Video report by Chris Hall
It also found the shambolic scenes had been caused by a "chain of events and malfunctions" in the days and hours leading up to kick-off.
Police used tear gas and pepper spray against fans, including young children, with many crushed as they waited to be allowed inside the State de France.
The game against Real Madrid was delayed by more than half an hour as fans were trapped outside the stadium.
The Senate heard testimonies from Reds supporters, along with French police and government officials and UEFA, as it looked into what happened outside the ground.
Its provisional findings stated: "It is unfair to have wanted to make supporters of the Liverpool team bear the responsibility for the disturbances that occurred, as the Minister of the Interior did to divert attention from the inability of the state to adequately manage the crowds present and to curb the action of several hundred violent and co-ordinated offenders."
UEFA initially blamed the late arrival of fans for the problems, which included some supporters being crushed, before later issuing a statement referring to fake tickets as the cause.
French government ministers reiterated the latter claims alleging "fraud at an industrial level" leading to the fiasco that followed.
This version of events was challenged by numerous fans and other independent eye-witnesses, including numerous media outlets.
The report added: “The systems put in place had major shortcomings with regard to the intelligence (absence of hooligans but presence of delinquents in large numbers), the transport routes for supporters (removal of a drop-off route at the surroundings of the stadium) and insufficient communication.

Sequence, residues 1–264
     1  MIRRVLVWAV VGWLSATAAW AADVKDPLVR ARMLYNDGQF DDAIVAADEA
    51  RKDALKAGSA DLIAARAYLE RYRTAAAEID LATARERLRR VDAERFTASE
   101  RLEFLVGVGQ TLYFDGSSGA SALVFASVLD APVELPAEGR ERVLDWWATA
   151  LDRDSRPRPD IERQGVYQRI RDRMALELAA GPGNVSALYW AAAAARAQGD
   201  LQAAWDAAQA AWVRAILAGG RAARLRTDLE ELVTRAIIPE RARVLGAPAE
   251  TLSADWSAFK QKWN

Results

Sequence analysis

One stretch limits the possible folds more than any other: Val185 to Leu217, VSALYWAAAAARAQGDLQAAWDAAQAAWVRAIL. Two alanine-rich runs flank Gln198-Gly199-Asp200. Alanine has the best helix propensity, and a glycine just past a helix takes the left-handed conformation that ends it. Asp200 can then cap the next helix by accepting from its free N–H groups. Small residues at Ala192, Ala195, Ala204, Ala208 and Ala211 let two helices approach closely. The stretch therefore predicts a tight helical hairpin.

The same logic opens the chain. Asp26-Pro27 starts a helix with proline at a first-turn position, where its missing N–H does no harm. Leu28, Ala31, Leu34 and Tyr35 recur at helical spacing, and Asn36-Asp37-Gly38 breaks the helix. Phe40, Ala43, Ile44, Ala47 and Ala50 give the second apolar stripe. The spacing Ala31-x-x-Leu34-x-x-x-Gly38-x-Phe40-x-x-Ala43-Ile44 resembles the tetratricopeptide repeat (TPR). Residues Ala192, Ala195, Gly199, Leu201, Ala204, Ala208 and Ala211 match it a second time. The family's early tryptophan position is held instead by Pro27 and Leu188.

"It is not only in the execution that problems arose.
"Upstream, the crisis scenarios were insufficiently worked on and did not demonstrate the necessary flexibility in the face of so many unanticipated events."
The Senate report said French authorities must learn the lessons from the "serious collective failure" which had occurred and apply them to the hosting of next year’s Rugby World Cup and the 2024 Olympic Games.
The report also described UEFA’s management of the ticketing system as “unsuitable” and criticised a lack of training for stewards, who it said were quickly overwhelmed.
UEFA had failed to put in place a system in advance to detect the extent of forgeries.
The report said the French federation had identified 2,471 counterfeit tickets, 1,644 in the southern sector of the stadium dedicated to Liverpool supporters.
It also said the decision to run a first check on ticket validity at pre-screening security points had led to checkpoints becoming blocked.
Liverpool supporter Ted Morris said: "We were in the stadium fearful of our supporters outside - whether they were going to lose their life.
"And you've got UEFA putting a narrative on the board this is Liverpool fans arrive late. No they haven't - they were there three hours before kick-off, so why set that narrative?
"And it's caused trauma, on top of what happened at the game, it's took us all back to 1989."
The Senate recommended the introduction of tamper-proof ticketing for such major events, and improved co-ordination between stewards and police.
Want a quick and expert briefing on the biggest news stories? Listen to our latest podcasts to find out What You Need To Know